A Barbershop Lesson from my Father: What makes an artist?
My father and his wonderful wife came up from Florida to be at my daughter's 5th birthday
party. My father is retired from corporate life and is now a golf club repair specialist. He used to work on the Champion's PGA Tour before settling in to do work from his home shop near Fort Walton Beach. He asked me where do I get my haircut? I was waiting for the punch line because it sounded like a set up, like "John Deere?" but then looking at his own hippie dippie length hair I realized he actually needed one. I said I get it cut at the barber shop here in town and they're really good. So he said let's go. I know a lot of people would hesitate to get their haircut at some random place. People are very particular about their hair. But my dad could care less. Let's go. I get my hair cut by a beautiful Israeli woman named Irit who knows what she's doing. She doesn't waste time and she's precise. She was free and my dad was in her chair in seconds. I left him in her capable hands and went to the bank. I stopped by the wine store to buy a bottle of Fragolino for the occasion. We hadn't seen them in 4 years. When I got back to the barber shop my father's hair was cleanly and neatly shaped. I was gone for maybe 10 minutes tops and she was practically done. My father's first words to me were "This woman is an artist!" Now my father is an strongly opinionated man. When it comes to his judgments, he doesn't pull any punches. They're pronounced with the righteousness of Jules Winnfield (Samuel L. Jackson) in Pulp Fiction or the gravitas of James Earl Jones circa FIELD OF DREAMS. You never doubt his word or conviction. The Gods have spoken. As a kid I was used to hearing the other side of the coin, so it's so refreshing to hear a RAVE with enthusiasm coming from my father's mouth. She shaved the back of his neck. My dad said it must be over 30 years since he's had someone do that. In the car my father said something that I don't think I'll ever forget. He said she's an artist again, and said "you can easily tell the difference between someone who loves and cares about what they do and someone who's just doing a job. That's why I'm always busy." He meant it. He takes great care and time with his customers. He leaves no stone unturned in not only building, tweaking and repairing clubs but testing them and informing them of the latest changes swing and technology that can dramatically improve their game. He asks them really good questions like a golf Sherlock Holmes and gives them incredbible insightful feedback. He goes above and beyond for his customers almost like he's personally responsible for them improving their golf game. I've seen pros teach who don't nearly come close to how much attention and commitment he delivers. I thought about how I've been in my own business with LSNY EVENTS. How I treat my clients. How I feel the same level of passion, responsibility and commitment to give them something of great worth. This is something I've learned from my father and somehow never got to see it until after he retired. I've been that way my whole life and never put the two together. If you define an artist as someone who is competent, capable, and extremely talented at what they do, BUT goes beyond their talent to offer what amounts to their LOVE and PASSION to you personally then my father is an artist. And I have learned from that artist. Our clients get the very best because I learned from someone who thinks good enough is not good enough. That great is so much better that good. And that if you can, you help someone to be happier, have a better outlook, and be more enthusiastic afterward than before they came in.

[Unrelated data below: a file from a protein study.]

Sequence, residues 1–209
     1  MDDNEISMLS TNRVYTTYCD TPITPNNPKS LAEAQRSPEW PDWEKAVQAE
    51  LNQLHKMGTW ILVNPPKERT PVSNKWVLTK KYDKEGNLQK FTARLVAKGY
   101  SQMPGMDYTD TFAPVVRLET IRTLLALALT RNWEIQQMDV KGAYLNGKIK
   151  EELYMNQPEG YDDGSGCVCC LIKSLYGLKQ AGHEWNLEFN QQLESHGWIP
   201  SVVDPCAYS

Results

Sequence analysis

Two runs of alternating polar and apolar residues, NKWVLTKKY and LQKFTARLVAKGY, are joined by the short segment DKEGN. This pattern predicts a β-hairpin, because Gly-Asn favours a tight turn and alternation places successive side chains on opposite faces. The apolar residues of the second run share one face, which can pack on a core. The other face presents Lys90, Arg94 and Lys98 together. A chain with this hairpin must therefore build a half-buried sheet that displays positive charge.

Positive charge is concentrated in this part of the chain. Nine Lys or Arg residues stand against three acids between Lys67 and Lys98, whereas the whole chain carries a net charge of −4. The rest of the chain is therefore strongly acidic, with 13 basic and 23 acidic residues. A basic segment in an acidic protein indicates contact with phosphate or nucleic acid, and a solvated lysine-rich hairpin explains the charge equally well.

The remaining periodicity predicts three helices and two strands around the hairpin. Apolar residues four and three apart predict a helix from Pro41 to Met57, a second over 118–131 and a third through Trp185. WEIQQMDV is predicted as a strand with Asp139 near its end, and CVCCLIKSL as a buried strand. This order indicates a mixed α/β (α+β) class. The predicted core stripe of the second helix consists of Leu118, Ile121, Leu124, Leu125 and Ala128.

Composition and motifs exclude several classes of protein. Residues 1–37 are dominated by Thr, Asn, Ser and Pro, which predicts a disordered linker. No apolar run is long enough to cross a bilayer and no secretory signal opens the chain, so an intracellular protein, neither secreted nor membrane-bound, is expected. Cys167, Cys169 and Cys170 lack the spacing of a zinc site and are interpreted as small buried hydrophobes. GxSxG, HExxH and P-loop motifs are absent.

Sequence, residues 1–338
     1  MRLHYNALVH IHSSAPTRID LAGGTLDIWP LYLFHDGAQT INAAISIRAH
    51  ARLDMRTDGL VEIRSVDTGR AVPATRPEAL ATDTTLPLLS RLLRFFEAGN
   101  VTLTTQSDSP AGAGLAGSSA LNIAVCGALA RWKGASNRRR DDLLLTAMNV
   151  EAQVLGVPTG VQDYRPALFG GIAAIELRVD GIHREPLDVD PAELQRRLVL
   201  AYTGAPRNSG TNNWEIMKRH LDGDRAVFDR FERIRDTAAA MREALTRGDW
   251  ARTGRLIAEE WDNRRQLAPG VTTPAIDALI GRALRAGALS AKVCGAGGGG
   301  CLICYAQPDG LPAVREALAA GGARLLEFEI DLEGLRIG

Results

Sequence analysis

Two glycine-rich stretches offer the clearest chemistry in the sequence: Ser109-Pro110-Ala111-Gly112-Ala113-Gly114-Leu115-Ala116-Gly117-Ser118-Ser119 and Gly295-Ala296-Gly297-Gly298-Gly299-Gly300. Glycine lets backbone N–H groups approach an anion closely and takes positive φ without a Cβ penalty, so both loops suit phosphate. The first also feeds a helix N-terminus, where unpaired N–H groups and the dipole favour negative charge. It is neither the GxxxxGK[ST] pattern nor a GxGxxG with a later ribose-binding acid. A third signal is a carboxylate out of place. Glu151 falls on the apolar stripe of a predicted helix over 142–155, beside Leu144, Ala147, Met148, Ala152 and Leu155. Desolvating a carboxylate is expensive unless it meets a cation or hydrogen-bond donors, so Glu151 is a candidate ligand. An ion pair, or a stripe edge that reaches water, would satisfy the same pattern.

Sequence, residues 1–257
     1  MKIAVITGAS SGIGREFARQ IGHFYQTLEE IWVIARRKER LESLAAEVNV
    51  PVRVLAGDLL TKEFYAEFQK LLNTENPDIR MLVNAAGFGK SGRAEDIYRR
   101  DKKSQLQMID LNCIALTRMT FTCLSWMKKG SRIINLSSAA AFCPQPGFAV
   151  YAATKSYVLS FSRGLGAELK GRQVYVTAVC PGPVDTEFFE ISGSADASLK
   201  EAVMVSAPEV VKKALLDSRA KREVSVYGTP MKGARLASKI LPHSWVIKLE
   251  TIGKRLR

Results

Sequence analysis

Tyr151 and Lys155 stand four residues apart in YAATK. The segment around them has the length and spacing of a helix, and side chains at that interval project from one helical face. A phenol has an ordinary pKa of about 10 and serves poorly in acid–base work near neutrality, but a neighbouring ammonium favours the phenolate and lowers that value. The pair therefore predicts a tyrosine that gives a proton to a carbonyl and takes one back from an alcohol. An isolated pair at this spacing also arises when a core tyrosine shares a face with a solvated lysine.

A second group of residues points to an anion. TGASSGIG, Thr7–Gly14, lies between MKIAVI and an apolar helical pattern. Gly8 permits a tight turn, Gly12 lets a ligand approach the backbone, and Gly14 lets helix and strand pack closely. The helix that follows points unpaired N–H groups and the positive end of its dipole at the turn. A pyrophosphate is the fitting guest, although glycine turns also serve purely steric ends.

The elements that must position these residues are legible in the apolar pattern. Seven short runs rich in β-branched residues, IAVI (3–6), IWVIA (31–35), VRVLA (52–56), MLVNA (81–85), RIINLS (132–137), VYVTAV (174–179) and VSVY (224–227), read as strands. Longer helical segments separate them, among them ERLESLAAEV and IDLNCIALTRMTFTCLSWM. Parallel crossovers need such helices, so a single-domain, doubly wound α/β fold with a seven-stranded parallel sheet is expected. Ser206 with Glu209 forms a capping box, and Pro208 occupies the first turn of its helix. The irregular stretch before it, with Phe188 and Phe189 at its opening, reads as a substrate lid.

I love my dad's world of full artistry. He would never short cut a problem. He's got a a built in quality essence, reaching beyond your great talent to really give more than what's expected. These Artists like Irit and my dad are to be celebrated and revered because they give you something of such WORTH they make YOU feel happy, alive and thankful. What a great lesson from a haircut.
I love you dad.
Remember you are Extraordinary,
Michael Sage Schindler